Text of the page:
Saturday, February 23, 2013

INS Vikramaditya to control Indian Ocean from Nov 2013

Russia will hand over the much-delayed INS Vikramaditya aircraft carrier to India in November, giving the country's navy a strategic advantage in the Indian Ocean region. 

The Vikramaditya aircraft carrier is to be handed over to the Indian Navy in November 2013, head of the Russian Federal Service, Alexander Fomin said yesterday. "The ship is to be put in a dock in April, go on sea trials in June and be officially handed over some time in November," he said. 

( Image Courtesy - )

The Vikramaditya, was supposed to have been handed over on December 4, 2012, but sea trials in September revealed the ship's boilers were not fully functional.

The Vikramaditya then returned to the shipyard to fix the problems that were detected during the sea trials. The ship demonstrated excellent seaworthiness, speed of 27.9 knots (about 52 kilometres per hour) and maneuverability during the three-month sea trials. The ship sailed for more than 12,000 miles, with 517 flights performed from its deck by aircraft and helicopters.

News Courtesy -

Tuesday, February 19, 2013

Russian Missile Trains: Being restored back to Full Glory

“Russia has made the decision to start the development of a military railroad missile complex for the Strategic Missile Forces,” said Igor Korotchenko, director of the Center for Analysis of World Arms Trade (CAWAT). “By that time, the European Missile Defense System will be able to intercept Russian ICBMs, thanks to new versions of its SM-3 anti-BM missile. Under the circumstances, Moscow has been forced to take adequate countermeasures,” Korotchenko said.

The Soviet Union began testing a missile train armed with the RT-23 solid-fuel missile in February 1983. The train was able to travel more than 1,000 kilometers (621 miles) per day without being discovered and could launch missiles from any point along its route. A missile train regiment included a train consisting of three locomotives and 17 rail cars, with nine platforms carrying missile launchers. Missile trains were expected to become the core of the counter strike group because of their improved durability and their ability to withstand a first enemy strike.

RT-23 'Molodets' Missile Train ( Image Courtesy - )

The first regiment armed with the RT-23 Molodets missile went on combat duty in October 1987. By 1999 there were three missile divisions with four regiments each — that is, 36 launchers in total. The trains were kept in stationary shelters located four kilometers apart. When on combat duty, they were dispersed. The Molodets only performed one live launch throughout its entire history, during a military exercise. A missile fired from the Kostroma region hit a target at Kamchatka. The Americans were unable to track down the train’s coordinates before or after the launch.

Incidentally, according to Zaitsev, the Americans feared missile trains even more than the famous “Satan” missile — the RS-20 ICBM — and did all they could to make them disappear from the Strategic Missile Forces. START II spelled the end of missile trains. Under the treaty, all RT-23 were to be scrapped. However, after the United States unilaterally withdrew from the Anti-Ballistic Missile Treaty, Moscow declared the START II null and void, especially since it was never ratified.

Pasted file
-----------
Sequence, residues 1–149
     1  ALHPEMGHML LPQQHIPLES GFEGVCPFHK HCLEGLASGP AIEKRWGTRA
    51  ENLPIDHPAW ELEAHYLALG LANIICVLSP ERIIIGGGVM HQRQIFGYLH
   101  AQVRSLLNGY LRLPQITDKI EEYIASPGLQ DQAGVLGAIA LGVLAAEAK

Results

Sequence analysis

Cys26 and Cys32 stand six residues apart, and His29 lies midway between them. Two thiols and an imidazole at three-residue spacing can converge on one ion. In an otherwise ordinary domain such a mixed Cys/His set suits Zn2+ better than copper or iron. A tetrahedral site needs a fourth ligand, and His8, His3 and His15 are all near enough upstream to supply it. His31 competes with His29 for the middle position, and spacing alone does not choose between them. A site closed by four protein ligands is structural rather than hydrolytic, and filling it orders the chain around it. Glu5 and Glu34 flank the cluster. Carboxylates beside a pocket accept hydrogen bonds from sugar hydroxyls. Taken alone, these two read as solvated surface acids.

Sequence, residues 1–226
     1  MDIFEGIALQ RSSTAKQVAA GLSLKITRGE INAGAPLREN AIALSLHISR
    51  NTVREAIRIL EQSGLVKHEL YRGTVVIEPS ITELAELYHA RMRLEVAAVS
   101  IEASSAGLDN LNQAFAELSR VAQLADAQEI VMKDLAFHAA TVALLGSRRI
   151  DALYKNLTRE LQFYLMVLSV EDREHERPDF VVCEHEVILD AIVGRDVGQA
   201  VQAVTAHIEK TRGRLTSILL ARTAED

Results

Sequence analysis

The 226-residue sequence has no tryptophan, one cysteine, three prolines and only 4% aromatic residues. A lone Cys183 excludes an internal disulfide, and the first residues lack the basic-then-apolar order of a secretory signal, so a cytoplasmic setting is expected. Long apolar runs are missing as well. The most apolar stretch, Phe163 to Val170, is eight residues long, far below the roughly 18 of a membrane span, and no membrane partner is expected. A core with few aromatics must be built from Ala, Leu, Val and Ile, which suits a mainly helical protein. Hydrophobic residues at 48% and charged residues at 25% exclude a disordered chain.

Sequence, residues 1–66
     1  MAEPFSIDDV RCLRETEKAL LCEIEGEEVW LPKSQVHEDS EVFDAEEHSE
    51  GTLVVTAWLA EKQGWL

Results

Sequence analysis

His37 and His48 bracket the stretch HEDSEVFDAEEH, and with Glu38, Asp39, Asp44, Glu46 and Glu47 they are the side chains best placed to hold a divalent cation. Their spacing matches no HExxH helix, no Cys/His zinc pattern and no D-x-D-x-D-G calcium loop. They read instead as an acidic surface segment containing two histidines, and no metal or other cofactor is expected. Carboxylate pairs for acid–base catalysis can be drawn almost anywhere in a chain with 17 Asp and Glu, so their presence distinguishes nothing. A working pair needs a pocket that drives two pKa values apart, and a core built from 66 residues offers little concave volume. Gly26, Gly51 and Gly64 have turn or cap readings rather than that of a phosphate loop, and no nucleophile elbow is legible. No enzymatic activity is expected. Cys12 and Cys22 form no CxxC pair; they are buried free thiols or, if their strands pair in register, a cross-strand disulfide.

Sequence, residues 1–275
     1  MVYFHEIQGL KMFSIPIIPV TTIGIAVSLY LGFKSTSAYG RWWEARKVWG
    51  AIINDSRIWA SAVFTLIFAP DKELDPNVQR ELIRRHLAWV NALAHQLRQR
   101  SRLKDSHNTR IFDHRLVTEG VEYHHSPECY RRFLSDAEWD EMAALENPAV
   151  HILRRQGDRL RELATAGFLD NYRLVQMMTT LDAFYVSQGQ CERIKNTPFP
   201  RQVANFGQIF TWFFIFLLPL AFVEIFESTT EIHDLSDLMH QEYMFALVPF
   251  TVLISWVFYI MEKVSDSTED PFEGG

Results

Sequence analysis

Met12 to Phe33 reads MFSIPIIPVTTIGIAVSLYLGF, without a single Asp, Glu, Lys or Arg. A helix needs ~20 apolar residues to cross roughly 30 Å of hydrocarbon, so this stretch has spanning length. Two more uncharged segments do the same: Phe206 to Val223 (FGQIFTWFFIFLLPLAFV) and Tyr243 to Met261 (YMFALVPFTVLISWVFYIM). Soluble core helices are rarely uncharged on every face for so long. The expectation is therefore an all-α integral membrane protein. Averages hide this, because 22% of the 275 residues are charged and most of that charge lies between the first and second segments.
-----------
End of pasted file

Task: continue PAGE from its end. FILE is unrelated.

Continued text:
Nevertheless, a decision was made shortly afterward to decommission missile trains and gradually dismantle them. The first strategic train was disassembled in June 2003. Two years later, the last train was taken off combat duty and sent to a recycling yard, after spending a year at a storage base.

RT-23 'Molodets' Intercontinental Ballistic Missile ( Image Courtesy - )

The fact that Russia has accumulated experience operating missile trains, in addition to a highly developed railway network, make the decision to restore a military railroad missile complex to Russia’s nuclear missile arsenal a logical one. According to official information from the Ministry of Defense, military railroad missile complexes are currently under development - so a new and much more advanced version of Missile Trains will re-appear in Russia by 2020.

Once deployed, Russia’s missile trains would make it extremely cumbersome, for American technical reconnaissance to determine their location. “Besides mobile surface-based complexes, Russian Federation will receive additional potential to launch an effective counter strike,” said Korotchenko.

News Courtesy -

Friday, February 8, 2013

Delta Class Russian SSBN Verkhoturye returns to service

The Russian Navy ballistic-missile submarine Verkhoturye has returned to service with the Northern Fleet after completing a refit, Fleet Spokesman Captain First Rank Vadim Serga said on Wednesday.

SSBN Verkhoturye at ceremony after refit ( Image Courtesy - )

The Verkhoturye is the second Northern Fleet Project 667 class boat to be refitted, he said.

“In August 2012, the Northern Fleet was reinforced with the Novomoskovsk submarine, which also underwent repairs and upgrade at the Severodvinsk defense shipyard,” he said.

SSBN Verkhoturye arrives at Gadzhiyevo naval base ( Image Courtesy - )

Project 667 class boats displace 12,000 tons, have a maximum diving depth of 400 meters, a cruising speed of 24 knots and a crew of 140 men. They are armed with 16 Sineva intercontinental ballistic missiles.

News Courtesy -